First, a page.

by Charles Jay
In the movie “Network,” newscaster Howard Beale was awakened from his sleep by a “shrill, sibilant, faceless voice” that told him he had to bring a message of “truth” to the world.
Photo Credit : Chris Farina – Top Rank
Beale explained that he wasn’t Moses, and the voice said, “I’m
not God. What has that got to do with it?”
And when Beale asked “Why me?”, the voice replied, “Because you’re on television, dummy.”
Manny Pacquiao has heard a voice too. But he is cock sure who this one belonged to.
Most of us don’t hear from the Almighty. But Pacquiao is claiming a legitimate brush with Greatness. After all, he’s a pay-per-view star and idol of millions. He’s on television, dummy, and when he says he has heard a voice from above, what business do mere mortals have not believing it?
The “voice” has told him to quit boxing. But for those of you who have already purchased tickets and plan to be in Las Vegas in early June, God apparently has agreed not to get in the way of Pacquiao making another huge payday for his fight Timothy Bradley.
As a result, we can assume the Divine Intervention has arranged for a Divine Rain Check until June 10….at the very earliest.
It’s interesting that we’re hearing this now, when Pacquiao is not only caught up with tax problems that have the potential to land him in jail, but in the midst of questions about allegations from a reporter that he may be harboring a fugitive from justice; one Mohammad “Bong” Akia, who is wanted for his involvement with a stolen vehicle ring.
Most guys wait until they’re actually locked up to find religion in a really heavy way.
Honestly, we don’t mean to be overly cynical. Pacquiao has long been known to have certain religious beliefs. But he is also a politician, in both the virtual and literal sense, and as we discover during every election cycle in the U.S., turning up the volume on the religious end can often be a useful device. It’s certainly been well-honed through the years.
I’m not saying that he doesn’t really “believe.” I think he really believes that he believes. But I also think that he is trying a little too hard to make YOU believe that.
If I didn’t know any better, I would think this is his way to facilitate quieting any further discussion about a prospective fight with Floyd Mayweather.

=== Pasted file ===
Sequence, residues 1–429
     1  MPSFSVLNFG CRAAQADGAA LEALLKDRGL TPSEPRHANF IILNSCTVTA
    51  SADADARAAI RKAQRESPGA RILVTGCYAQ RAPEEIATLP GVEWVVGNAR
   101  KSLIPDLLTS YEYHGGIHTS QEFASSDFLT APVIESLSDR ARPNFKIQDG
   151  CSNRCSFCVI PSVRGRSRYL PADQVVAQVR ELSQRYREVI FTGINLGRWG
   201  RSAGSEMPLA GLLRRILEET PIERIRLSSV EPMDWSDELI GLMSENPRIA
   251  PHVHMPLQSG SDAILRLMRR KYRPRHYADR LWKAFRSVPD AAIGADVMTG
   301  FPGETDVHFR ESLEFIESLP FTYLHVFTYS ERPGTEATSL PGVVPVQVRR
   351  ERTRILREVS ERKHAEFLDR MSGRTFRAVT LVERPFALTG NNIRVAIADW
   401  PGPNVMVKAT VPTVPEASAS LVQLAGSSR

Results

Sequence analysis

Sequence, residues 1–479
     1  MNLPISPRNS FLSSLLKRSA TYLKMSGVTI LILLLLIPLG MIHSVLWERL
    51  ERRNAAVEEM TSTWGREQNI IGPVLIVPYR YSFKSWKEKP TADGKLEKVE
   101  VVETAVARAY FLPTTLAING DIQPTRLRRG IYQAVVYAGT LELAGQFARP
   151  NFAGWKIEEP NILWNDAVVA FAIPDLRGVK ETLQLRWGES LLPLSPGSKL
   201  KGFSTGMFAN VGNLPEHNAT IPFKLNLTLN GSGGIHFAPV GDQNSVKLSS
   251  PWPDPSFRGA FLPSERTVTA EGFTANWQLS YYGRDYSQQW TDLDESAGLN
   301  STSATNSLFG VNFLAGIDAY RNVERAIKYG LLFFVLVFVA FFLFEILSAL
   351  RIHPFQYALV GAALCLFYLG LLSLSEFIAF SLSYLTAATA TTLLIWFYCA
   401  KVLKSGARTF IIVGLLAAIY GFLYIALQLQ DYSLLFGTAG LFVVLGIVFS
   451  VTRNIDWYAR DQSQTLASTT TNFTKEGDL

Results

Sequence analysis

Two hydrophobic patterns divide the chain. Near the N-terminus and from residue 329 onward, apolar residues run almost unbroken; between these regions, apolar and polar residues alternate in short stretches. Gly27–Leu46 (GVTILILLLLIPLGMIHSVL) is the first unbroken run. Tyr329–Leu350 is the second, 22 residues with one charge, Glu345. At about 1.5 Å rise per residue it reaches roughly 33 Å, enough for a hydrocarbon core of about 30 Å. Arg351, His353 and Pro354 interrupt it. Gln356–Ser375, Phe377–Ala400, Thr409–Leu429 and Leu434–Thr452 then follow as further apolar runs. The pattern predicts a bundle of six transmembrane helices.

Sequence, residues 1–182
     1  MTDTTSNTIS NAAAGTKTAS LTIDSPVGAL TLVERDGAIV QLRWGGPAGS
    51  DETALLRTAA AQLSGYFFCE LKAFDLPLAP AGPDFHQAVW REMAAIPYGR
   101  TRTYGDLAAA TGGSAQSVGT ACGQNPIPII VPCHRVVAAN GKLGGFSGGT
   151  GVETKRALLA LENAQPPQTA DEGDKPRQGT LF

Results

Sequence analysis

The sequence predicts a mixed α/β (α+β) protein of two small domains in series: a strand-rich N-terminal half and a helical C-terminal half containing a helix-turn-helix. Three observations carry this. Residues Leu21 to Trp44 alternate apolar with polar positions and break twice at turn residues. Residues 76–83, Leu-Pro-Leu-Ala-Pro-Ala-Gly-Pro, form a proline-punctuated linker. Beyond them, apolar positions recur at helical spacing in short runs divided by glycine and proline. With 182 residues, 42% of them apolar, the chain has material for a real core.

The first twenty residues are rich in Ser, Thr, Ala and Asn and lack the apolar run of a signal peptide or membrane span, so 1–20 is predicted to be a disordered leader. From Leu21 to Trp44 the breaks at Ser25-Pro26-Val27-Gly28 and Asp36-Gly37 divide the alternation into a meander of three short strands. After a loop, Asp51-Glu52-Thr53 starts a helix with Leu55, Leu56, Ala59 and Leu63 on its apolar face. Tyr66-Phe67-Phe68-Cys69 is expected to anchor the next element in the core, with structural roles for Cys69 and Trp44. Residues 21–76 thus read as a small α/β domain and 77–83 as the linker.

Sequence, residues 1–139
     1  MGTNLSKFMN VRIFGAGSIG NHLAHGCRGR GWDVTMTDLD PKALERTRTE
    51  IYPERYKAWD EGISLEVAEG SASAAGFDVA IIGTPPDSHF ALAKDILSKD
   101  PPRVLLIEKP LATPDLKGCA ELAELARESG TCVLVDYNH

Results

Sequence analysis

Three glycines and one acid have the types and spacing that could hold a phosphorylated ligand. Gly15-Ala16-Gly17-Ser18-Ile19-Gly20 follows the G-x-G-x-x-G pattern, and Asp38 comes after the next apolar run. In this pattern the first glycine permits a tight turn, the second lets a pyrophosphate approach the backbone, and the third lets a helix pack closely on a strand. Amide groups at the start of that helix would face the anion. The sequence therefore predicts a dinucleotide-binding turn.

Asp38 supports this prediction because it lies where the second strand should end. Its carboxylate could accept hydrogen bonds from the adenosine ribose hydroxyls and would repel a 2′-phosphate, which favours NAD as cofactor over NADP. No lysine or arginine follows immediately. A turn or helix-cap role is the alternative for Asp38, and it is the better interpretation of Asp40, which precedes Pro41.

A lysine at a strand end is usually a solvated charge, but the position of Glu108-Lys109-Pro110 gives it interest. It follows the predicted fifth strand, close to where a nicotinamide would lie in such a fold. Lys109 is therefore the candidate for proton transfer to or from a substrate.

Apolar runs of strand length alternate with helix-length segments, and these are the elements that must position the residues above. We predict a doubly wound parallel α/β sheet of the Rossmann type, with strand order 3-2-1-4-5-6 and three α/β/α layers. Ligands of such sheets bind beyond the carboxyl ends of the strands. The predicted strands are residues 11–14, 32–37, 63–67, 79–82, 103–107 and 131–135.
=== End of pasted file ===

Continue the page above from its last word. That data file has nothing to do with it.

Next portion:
Come to think of it, I DON’T know any better, in this case. All of the “why can’t the fight be made” talk has a tendency to get in the way of the hype for Pacquiao’s instant fights, so as to reduce the importance or value of them. They’re looked upon by some as stepping stones for something that should have happened already.
Well, maybe – just maybe – Pacquiao is looking to become the undisputed champion of something else entirely.
According to a story in the Manila newspapers, Pacquiao is coming with a “major religious announcement” soon. That’s a bit narcissistic, isn’t it? I mean, I’m sure there are a lot of people who are holding their breath waiting for it, and it is acknowledged here that Pacquiao stops traffic and clears the streets of Manila when he fights and all of that, but even given those parameters, it is terribly self-important to announce that you’re going to have an announcement, especially when the announcement itself is bound to be a bit pretentious.
We have an idea of what it might be. Pacquiao is going to become a messenger for the Word of God because he has been specifically chosen. “When I speak, a lot of people listen,” he says, and that’s okay. maybe he’ll take his message to television, in one of those programs with the phone number for donations on the lower third of the screen at all times, like an infomercial. If the experience we’ve seen with one religious charlatan after another in the United States is any indication, PacMan could probably raise enough money to make up for ten Floyd Mayweather fights, and then some.
We kid, we kid.
But seriously folks, as many individuals in the human rights movement in the Philippines might tell him, he could do a Christian deed, right here on earth, if he dropped his criminal libel suit against the reporter who broke the story about his harboring a fugitive (Edwin Espejo) and campaigned to have the “criminal” part dropped from cases of libel in his country.
Until he can stand up for free speech in that way, he’s simply not believable.
Not that we can completely digest this latest story anyway.
If God doesn’t want him hurting people anymore, and Pacquiao has such a personal ongoing relationship in that respect, then why would he be going through with the Bradley fight? Could it be that God understands both the boxing and the gaming business at the same time, and that He doesn’t want high-rollers, the MGM Grand, or HBO, to be disappointed?
I think the real answer is that people tend to worship at the altar of a lot of different things, and the concept of convenience does indeed creep into consideration. Pacquiao, whose life outside of boxing may be in a bit of turmoil, is probably juggling a few of those things around right now.
You can take our word for it (or rather, our Word); this story, one way or another, ends with a “ka-ching.”
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